You can also measure the temperature of air coming out of forced air registers and going into the air return register, if you have central air conditioning. A temperature spread of less than 15F between the registers and cold air return indicates that your air conditioner is probably not very efficient.

Use in the kitchen

An infrared heat gun can be a great tool in the kitchen, whether you’re making candy, deep frying, or striving for the perfect pancake. Just point and shoot at your cooking surface to check whether the temperature is right. The temperature takes a little getting used to for some foods – for example, for making caramel you need to aim for a reading 10F lower than the caramel temperature you’re after, since the surface is generally cooler than the inside.

You can also use an infrared heat gun to measure the temperature of heated water, for example if you’re using a double boiler to heat chocolate, you want the water to approach a boil but not quite reach it. You can measure the temperature in various parts of your refrigerator to see where the coldest spots are (so that jug of milk can keep longer, for instance).

An inrared heat gun doesn’t work particularly well on measuring oven temperature, because you have to open the oven to take a reading, and of course the instant you open the oven the heat escapes. And as with a barbecue, when roasting meat you should be looking at interior temperature, not surface temperature of the meat, but it is helpful to know the grill temperature before yous tart grilling. Many of these devices, however, come with an analog thermometer as a bonus so you can measure interior meat temperatures with that.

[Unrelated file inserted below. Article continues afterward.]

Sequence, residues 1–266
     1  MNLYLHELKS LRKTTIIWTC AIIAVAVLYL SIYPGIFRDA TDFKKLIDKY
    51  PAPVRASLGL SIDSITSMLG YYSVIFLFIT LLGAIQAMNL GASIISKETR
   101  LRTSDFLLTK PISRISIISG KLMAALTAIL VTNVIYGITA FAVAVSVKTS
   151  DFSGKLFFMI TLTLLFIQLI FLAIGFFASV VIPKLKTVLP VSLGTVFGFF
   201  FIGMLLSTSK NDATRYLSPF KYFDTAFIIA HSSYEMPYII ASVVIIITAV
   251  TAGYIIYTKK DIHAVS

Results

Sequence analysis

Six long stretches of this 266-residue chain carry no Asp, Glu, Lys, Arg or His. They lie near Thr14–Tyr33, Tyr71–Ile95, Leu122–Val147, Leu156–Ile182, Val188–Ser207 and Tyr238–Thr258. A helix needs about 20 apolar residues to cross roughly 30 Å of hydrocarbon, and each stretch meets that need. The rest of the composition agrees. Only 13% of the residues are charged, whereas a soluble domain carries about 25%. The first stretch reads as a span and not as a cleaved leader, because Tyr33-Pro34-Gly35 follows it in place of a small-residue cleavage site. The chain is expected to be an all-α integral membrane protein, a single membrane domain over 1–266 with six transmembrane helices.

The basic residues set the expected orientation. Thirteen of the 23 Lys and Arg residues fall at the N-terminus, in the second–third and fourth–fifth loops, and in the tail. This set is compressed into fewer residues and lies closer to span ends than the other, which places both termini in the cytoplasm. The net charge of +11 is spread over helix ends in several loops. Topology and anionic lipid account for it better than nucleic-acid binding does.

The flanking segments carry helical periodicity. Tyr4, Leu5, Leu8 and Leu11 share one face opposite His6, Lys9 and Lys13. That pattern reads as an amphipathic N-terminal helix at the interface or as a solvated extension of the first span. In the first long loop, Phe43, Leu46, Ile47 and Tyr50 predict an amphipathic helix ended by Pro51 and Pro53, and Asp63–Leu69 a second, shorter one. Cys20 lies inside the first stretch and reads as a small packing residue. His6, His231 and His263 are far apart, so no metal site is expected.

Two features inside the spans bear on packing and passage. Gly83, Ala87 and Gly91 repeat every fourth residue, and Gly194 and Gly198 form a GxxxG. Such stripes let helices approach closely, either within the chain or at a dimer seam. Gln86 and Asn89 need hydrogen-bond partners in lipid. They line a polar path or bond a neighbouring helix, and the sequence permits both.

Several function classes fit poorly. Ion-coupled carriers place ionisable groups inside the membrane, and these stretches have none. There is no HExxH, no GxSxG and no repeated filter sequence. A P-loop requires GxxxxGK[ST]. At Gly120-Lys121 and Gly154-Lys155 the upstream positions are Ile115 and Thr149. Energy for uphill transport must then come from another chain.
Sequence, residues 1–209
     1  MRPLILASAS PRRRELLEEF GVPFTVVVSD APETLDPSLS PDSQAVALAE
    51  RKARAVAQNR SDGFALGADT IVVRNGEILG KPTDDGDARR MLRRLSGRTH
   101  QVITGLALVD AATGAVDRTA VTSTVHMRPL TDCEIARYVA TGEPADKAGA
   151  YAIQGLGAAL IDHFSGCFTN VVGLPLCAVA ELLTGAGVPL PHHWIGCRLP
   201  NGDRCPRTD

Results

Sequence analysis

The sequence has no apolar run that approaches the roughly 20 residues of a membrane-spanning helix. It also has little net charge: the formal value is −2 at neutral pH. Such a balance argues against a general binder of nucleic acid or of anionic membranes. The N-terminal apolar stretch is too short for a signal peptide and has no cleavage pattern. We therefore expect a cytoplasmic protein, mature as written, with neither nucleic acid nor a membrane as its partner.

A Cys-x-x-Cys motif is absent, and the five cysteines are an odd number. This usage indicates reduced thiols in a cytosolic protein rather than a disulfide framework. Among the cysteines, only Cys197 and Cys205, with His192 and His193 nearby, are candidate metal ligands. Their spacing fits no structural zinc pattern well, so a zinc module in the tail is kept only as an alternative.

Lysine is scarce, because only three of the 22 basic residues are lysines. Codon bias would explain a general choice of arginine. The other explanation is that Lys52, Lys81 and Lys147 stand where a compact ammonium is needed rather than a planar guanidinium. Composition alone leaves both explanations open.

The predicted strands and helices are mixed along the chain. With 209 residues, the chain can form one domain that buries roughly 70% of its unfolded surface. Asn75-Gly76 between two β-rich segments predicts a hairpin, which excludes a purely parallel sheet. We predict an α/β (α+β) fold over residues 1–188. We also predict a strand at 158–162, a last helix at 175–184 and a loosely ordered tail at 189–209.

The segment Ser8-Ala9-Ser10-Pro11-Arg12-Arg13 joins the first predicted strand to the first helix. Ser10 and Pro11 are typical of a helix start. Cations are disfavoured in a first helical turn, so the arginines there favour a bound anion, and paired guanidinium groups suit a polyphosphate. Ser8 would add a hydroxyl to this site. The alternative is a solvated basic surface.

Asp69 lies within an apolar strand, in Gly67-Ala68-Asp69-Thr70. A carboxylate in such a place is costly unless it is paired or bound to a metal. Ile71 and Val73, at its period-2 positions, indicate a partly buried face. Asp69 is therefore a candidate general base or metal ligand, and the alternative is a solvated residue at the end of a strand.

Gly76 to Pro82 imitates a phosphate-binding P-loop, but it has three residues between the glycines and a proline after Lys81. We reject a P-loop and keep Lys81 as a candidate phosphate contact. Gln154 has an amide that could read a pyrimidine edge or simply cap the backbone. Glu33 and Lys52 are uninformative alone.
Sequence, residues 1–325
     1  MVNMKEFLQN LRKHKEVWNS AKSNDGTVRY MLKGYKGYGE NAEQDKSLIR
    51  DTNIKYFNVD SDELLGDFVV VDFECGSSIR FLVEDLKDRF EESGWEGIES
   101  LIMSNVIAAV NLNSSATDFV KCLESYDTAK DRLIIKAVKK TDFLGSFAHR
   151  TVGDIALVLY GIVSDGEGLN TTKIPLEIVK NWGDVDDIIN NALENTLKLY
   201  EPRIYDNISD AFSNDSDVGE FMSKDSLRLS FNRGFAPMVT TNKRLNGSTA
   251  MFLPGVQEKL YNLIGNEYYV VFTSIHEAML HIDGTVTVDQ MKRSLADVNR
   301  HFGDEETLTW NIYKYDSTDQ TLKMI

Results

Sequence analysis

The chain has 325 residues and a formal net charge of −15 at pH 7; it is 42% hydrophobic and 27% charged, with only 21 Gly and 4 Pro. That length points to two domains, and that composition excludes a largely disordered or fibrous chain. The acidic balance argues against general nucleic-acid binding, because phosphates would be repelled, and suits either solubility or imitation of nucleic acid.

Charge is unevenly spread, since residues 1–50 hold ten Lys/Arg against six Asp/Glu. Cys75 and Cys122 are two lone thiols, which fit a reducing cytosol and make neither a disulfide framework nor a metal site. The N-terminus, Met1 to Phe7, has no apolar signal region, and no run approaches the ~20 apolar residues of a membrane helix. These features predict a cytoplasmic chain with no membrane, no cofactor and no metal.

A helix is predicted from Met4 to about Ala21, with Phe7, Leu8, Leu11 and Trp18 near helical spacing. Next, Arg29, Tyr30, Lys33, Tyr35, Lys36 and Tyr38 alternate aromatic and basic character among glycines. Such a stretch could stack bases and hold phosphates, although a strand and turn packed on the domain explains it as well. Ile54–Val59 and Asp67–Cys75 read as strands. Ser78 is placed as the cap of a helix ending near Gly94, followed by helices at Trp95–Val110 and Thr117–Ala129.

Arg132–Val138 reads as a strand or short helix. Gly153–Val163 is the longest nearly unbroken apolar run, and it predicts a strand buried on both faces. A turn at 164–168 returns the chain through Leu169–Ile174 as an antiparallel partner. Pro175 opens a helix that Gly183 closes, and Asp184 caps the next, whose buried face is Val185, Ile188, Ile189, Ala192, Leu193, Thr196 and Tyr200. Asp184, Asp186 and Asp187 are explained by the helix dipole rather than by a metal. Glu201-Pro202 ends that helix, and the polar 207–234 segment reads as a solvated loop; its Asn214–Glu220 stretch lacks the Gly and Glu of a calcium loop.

Another energy saving use of an infrared heat gun in the kitchen, is for detecting thermal leaks from your cooking appliances. In particular, you can use it to find where heat is leaking into your refrigerator or freezer, and where it is leaking out of your oven. You won’t necessarily know what to do with this information on its own – how much use is it to know what the temperature around your refrigerator gasket is? But if you take readings on both your own appliances and those of a couple of friends or neighbors, you’ll have an idea of whether your appliances are leaking more than the norm, or less. Probably at least one of you or your friends will decide replacing an old appliance with a new, energy efficient one is in order!

Which infrared heat gun should I choose?

There are quite a few of these products on the market. I recommend one with a 1:12 beam angle; some have beam angles as low as 1:2, which means to get a reading of a 1-inch square you have to hold the gun two inches away from the object. For particularly hot surfaces, or for foods that may splatter the gun or burn your hand, a 1:10 or 1:12 beam angle is much better.

You should also look for one that uses inexpensive AAA batteries, rather than the more expensive 9-volt batteries. Many of the newer units use only 2 AAA batteries, which suggests that the designers of these devices have been able to get their energy use down to a minimum. Indeed, in the reviews for two of the three products I feature here, people consistently report that their infrared heat guns last for months on one set of batteries, even when used on a daily basis.

Prices for infrared heat guns have dropped significantly since I first wrote this article. As of 2021, infrared heat gun prices on Amazon are as low as $25.

I personally own a Kintrex infrared heat gun, and while that model is no longer available, I still find it very easy to use both for finding thermal leaks around my home and for cooking. If you’re just planning to use an infrared thermometer around your own home, go for one of the inexpensive models, but if you’re going to take large numbers of measurements on a daily basis, look for one with good accuracy and durability.

Whatever model infrared heat gun you choose, you are sure to get many hours of use out of it, finding the hotspots and cold spots in your walls, floors and ceilings, your garage, your fridge, freezer, your car engine – anywhere that you might want to know the surface temperature. You can even use it to measure the temperature of your compost heap!